Will ‘Waves’ Be Kanye West’s First Disappointing Album?
Kanye West doesn’t believe in yesterday. Living through his records may be the closest thing our generation gets to experiencing the constant future-shock of the Beatles between Rubber Soul and Let It Be. Each of the six left-field knockout studio albums that band released from 1965 through 1970 seemed to tweak the world toward its psychedelic or surreal or shaggy image. Of course, after that, the Beatles called it quits. After Kanye’s sixth critically acclaimed game-changer, he only started getting a little help from Paul McCartney.
Kanye West’s six-album run between 2004’s The College Dropout and 2013’s Yeezus is hands down the greatest, most unstoppable streak of records in hip-hop history. And while great rapper streaks are not exactly unheard of (Bay Area ambassador E-40 is set to drop his 23rd excellent album any day now), there’s been absolutely nothing comparable to West’s level of daring, visibility and impact. That, sadly, looks like it’s coming to an end.
Part of what made the Kanye West solo albums great was how they cut a clear path through expectations — not only poppin’ wheelies on the zeitgeist but sailing clear over it dressed like Evel Knievel. Kanye West albums deliver the impossible: a cinematic banger about conflict diamonds, hipster concerns like French house or krautrockers Can turned into populist monsters, Young Jeezy getting a safe place to ponder his sodium intake, a nine-minute minimalist masterwork with a three-minute vocoder solo, avant-garde digital noiseniks like Arca and Gesaffelstein running rampant.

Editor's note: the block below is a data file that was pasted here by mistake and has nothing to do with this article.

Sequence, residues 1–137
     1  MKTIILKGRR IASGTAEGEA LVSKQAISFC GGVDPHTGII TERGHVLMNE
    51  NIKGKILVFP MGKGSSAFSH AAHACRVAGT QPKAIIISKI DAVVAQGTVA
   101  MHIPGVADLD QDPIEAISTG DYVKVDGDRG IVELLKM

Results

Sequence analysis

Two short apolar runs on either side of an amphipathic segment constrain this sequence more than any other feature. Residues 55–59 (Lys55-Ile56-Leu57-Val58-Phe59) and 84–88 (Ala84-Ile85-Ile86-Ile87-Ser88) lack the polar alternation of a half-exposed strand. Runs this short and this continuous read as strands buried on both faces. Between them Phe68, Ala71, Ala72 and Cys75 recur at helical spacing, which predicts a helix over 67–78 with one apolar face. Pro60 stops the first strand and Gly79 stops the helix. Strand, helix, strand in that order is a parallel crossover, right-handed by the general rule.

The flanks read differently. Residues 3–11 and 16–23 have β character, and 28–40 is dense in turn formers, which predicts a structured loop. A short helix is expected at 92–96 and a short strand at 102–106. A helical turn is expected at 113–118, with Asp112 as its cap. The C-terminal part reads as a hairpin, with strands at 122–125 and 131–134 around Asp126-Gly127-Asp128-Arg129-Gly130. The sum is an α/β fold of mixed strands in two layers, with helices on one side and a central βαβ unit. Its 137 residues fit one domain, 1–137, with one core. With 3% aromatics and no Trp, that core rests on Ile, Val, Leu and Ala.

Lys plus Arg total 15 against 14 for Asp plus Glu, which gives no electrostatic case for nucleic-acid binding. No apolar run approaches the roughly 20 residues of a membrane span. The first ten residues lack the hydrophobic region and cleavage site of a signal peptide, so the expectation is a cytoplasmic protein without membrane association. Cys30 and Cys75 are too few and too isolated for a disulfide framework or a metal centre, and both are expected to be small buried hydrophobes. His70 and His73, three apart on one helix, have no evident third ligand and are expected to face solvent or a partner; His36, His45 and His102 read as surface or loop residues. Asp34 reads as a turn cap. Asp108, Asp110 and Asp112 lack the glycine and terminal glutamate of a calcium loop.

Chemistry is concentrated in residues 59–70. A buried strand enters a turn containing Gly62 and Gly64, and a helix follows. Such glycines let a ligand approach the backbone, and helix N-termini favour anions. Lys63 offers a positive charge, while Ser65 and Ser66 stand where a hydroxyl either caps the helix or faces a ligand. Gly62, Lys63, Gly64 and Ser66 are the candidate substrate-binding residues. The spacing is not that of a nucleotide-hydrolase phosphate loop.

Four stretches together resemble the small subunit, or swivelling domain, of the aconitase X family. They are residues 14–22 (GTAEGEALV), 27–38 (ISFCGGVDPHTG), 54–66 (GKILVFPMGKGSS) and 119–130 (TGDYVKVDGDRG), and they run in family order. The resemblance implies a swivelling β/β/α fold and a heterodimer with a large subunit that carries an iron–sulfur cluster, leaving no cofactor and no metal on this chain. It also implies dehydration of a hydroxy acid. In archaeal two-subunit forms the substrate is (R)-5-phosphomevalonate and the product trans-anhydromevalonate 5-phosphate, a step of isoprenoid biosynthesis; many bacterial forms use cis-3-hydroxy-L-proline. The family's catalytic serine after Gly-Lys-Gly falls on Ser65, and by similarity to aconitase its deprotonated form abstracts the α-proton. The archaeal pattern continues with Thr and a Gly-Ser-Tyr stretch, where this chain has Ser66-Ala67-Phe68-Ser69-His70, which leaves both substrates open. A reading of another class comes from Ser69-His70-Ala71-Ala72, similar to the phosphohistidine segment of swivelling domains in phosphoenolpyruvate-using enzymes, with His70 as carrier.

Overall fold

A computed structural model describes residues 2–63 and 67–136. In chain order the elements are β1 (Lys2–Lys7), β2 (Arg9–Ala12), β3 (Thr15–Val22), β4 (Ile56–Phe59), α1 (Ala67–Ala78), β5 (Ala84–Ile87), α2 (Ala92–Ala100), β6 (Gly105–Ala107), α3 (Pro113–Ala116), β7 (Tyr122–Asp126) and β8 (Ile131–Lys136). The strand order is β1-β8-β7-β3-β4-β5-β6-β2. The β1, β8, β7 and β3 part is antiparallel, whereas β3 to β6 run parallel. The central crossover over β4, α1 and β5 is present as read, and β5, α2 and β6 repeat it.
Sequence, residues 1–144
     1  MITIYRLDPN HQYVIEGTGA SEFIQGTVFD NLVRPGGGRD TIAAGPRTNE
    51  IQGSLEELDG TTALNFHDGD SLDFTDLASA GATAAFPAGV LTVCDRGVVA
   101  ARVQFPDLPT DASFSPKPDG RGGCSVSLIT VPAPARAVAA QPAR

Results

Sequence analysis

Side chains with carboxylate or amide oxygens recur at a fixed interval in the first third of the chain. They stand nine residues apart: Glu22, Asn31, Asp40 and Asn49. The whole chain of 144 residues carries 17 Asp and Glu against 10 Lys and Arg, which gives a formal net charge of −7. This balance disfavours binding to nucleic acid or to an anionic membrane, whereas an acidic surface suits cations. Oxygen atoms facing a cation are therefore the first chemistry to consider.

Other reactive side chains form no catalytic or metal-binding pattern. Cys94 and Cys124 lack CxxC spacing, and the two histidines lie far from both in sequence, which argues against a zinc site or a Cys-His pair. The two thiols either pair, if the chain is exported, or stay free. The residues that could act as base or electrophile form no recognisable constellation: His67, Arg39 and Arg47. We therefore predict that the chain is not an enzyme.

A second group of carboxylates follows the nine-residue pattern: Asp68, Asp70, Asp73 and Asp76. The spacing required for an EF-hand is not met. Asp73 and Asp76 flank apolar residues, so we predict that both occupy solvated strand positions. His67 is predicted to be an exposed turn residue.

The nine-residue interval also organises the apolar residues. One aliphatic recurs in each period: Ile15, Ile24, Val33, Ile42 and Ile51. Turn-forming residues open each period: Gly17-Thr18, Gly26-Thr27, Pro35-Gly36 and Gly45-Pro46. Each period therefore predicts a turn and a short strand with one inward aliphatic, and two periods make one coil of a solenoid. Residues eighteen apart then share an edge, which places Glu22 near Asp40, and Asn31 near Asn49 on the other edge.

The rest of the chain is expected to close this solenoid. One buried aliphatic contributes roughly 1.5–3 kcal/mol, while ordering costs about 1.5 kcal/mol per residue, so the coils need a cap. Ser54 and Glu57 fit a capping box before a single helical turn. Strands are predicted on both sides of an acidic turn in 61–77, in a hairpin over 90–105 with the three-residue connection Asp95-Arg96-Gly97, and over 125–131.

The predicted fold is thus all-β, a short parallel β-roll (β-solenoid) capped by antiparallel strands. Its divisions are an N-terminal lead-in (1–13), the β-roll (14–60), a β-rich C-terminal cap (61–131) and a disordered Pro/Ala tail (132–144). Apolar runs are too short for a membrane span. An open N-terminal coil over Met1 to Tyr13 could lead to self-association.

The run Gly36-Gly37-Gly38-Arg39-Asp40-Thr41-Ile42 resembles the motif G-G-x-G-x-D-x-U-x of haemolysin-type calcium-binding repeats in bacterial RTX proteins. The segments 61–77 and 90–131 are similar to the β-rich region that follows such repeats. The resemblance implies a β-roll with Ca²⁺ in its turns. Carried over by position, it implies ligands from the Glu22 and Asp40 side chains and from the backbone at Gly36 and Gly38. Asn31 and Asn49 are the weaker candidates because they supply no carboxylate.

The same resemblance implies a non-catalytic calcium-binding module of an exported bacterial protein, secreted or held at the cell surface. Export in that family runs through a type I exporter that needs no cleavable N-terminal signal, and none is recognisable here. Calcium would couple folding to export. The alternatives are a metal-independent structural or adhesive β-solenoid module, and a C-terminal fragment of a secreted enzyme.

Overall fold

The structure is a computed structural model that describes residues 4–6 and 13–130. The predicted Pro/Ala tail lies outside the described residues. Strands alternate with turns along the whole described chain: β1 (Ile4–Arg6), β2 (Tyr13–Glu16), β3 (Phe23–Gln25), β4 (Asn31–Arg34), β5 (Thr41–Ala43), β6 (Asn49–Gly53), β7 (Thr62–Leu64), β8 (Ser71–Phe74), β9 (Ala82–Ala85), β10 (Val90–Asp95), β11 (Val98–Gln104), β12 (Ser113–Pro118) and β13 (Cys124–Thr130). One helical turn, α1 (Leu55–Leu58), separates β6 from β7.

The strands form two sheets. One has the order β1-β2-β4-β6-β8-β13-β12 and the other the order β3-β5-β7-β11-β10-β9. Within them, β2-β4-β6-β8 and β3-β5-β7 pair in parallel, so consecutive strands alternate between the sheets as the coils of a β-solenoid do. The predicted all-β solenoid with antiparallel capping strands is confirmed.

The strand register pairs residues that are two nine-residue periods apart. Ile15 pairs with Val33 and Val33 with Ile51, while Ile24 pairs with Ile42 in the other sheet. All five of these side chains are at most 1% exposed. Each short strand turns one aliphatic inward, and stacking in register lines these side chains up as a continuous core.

Every Kanye West album has felt like a bold stroke against everything, since he zigs when the world zags. His 2004 debut, The College Dropout, treated his insecurities like 50 Cent treated the size of his guns. In the middle of G-Unit’s chest-puffing machismo and T.I.’s tales of street hustles, West rapped about hating his job at the Gap, dropping out of college and feeling guilty about consumerism. With 2005’s Late Registration, he and Jon Brion opted for sweeping string arrangements in the age of minimalist crunk. 2007’s Graduation presaged our EDM technofuture years before DJ Snake and Lil Jon had everyone turned up. 2008’s 808s and Heartbreak took the then–increasingly unfashionable Auto-Tune technology and used it to change what a rapper does — beyond T-Pain’s pop triumph, West used the simplistic and melodic gurgle to mine emotional depths. 2010’s My Beautiful Dark Twisted Fantasy was a Pink Floyd–sized, King Crimson–sampling 68-minute prog-rap behemoth in the age of shrinking budgets. 2013’s Yeezus was basically a noise record scrawled in political punk freehand.
What is even left for Kanye West to do? Twisted Fantasy is already rap’s baroque St. Pepper’s, 808s its stripped-down Let It Be. It seemed for a minute like West had discovered a new path with a pair of Paul McCartney collaborations, “Only One” and the Rihanna single “FourFiveSeconds.” Both were completely beatless — has there ever been a hit rap song with no beat? Mixing plainspoken hip-hop lyrics with electronic textures and classic singer-songwriter balladry, they were basically Dylanesque folk confessionals performed by some of the most famous people on Earth. In hip-hop’s 43rd year, the very idea of “rap” could have been disassembled completely by an album of robo-Mumford tunes, a Rubin-esque reducing of “rap” to mean nothing but stark honesty and the occasional rhyme. Ultimately this phase of Kanye West turned out to be more detour than blueprint.